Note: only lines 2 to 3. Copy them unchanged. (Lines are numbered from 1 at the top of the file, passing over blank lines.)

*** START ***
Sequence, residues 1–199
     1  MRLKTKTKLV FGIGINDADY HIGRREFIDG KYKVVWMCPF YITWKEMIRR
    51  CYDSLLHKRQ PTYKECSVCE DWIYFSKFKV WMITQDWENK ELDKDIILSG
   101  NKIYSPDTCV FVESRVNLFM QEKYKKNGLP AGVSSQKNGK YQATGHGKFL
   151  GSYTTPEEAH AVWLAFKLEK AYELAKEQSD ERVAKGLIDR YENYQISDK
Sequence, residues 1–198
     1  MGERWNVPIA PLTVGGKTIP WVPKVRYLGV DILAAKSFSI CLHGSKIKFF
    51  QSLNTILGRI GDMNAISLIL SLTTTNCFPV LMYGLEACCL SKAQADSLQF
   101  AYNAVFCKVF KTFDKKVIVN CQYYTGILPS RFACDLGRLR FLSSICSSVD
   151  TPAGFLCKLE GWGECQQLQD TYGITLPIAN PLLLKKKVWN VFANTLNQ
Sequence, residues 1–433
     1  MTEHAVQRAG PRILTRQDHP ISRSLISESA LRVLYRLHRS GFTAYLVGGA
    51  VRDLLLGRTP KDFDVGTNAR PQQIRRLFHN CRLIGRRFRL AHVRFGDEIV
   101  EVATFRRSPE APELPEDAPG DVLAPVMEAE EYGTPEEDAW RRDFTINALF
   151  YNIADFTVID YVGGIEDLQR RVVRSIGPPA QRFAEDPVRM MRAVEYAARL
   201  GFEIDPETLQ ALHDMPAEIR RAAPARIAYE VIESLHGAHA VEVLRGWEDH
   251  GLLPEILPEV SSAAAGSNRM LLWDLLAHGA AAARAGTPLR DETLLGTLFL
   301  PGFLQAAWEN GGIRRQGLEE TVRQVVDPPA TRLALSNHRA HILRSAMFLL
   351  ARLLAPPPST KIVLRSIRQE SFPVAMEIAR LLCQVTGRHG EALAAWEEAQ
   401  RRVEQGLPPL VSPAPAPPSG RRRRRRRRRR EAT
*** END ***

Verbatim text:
     1  MRLKTKTKLV FGIGINDADY HIGRREFIDG KYKVVWMCPF YITWKEMIRR
    51  CYDSLLHKRQ PTYKECSVCE DWIYFSKFKV WMITQDWENK ELDKDIILSG